Similarly to other cities that were part of Soviet Union, Tbilisi’s development was based on planning that included preparation of master plans with the primary task of changing or even reconstructing urban spaces, while meeting Soviet ideological, political, economic and social cultural requests. The government was planning and the government was implementing.
After the centralized planning system was abandoned, the development of the city has radically changed. In a market economy, new players such as individuals and companies take the lead in development and their goals, motivations as well as interest towards the city is radically different.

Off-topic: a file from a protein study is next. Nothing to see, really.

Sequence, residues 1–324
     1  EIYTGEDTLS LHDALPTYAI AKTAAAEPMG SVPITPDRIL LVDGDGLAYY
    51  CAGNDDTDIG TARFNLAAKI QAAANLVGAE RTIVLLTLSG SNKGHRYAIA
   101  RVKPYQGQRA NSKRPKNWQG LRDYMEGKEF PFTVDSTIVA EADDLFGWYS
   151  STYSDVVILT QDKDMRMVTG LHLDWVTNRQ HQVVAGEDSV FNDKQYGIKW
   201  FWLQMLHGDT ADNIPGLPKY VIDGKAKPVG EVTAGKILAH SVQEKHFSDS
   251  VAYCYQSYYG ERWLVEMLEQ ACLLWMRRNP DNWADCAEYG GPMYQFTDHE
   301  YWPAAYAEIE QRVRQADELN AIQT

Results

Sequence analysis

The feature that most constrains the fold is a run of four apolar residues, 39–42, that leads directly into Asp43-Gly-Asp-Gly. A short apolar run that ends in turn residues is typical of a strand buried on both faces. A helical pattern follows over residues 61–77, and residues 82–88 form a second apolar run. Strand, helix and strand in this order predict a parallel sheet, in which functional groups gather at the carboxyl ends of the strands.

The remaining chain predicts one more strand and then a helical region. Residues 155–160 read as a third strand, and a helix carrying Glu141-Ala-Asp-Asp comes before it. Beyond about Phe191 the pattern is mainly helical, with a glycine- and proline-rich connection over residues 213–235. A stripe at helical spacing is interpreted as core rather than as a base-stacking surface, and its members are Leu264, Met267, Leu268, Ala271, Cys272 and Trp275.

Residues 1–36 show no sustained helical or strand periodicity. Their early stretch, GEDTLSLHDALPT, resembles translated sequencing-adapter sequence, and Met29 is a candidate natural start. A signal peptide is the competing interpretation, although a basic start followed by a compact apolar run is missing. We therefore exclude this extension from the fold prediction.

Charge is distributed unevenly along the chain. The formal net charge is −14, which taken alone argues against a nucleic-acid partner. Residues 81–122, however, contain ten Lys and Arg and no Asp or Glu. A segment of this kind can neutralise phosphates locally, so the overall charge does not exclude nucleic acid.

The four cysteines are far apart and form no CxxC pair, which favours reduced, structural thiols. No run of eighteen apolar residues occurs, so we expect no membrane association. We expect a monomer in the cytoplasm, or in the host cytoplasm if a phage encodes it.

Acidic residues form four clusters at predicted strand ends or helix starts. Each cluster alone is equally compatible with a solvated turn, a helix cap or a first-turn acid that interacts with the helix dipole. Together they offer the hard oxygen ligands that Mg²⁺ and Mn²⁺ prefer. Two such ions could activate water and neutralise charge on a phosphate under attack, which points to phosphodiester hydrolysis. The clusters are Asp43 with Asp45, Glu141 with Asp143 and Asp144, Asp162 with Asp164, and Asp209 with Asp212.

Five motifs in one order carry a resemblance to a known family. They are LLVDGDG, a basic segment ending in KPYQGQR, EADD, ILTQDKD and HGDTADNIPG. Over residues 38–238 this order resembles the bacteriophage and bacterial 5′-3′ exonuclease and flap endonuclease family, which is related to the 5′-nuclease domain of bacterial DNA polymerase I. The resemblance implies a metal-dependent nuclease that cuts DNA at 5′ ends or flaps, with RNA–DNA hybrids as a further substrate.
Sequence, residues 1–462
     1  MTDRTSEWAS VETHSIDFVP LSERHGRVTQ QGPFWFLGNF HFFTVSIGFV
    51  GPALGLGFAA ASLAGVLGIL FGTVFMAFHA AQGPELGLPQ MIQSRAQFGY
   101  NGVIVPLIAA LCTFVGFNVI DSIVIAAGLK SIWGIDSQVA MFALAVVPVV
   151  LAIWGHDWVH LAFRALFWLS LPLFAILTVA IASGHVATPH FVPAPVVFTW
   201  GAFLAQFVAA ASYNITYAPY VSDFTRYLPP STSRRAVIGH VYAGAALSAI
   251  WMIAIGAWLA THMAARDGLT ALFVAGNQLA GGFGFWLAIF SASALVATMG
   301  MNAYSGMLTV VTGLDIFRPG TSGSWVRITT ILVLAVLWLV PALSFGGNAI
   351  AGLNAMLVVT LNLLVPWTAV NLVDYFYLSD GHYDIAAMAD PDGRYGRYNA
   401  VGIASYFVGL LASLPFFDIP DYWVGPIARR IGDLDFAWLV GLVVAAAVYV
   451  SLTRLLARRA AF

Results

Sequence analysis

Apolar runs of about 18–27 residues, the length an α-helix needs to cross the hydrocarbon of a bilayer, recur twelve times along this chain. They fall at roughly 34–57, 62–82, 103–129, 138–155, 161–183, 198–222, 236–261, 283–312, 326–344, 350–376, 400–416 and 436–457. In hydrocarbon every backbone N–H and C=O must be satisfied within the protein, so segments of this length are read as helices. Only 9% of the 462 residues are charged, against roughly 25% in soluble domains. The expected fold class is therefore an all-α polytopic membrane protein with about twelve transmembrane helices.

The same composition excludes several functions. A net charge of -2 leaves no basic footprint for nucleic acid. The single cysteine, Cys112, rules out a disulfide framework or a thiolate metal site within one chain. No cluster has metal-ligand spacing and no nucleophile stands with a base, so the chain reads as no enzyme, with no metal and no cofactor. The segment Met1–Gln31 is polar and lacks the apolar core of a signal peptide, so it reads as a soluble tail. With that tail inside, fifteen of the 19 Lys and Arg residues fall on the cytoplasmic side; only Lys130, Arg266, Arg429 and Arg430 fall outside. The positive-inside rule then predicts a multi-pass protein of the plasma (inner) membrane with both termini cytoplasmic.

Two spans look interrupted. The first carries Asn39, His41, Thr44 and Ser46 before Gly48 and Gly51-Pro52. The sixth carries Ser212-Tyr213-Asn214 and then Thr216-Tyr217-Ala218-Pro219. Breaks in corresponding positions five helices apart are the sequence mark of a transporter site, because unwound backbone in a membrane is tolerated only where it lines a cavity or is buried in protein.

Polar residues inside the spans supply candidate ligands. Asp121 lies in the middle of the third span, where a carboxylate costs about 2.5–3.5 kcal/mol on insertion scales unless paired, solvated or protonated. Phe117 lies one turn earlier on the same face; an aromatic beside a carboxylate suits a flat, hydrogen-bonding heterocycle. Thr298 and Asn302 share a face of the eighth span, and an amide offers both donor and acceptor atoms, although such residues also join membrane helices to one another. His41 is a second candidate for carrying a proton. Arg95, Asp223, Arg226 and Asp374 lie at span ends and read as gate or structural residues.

This panel discussed the post-Soviet transformation processes. It was moderated by – Otar Nemsadze (Tbilisi Architecture Biennial), and feature presentations by Michael Gentile (Department of Sociology and Human Geography, University of Oslo), Nano Zazanashvili (Head of Urban Policy and Research Division at the Municipal Department of Urban Development, Georgia), Kuba Snopek (Expert in post-socialist cities, Poland) and Tamta Khalvashi (Associated Professor at Ilia State University, Georgia)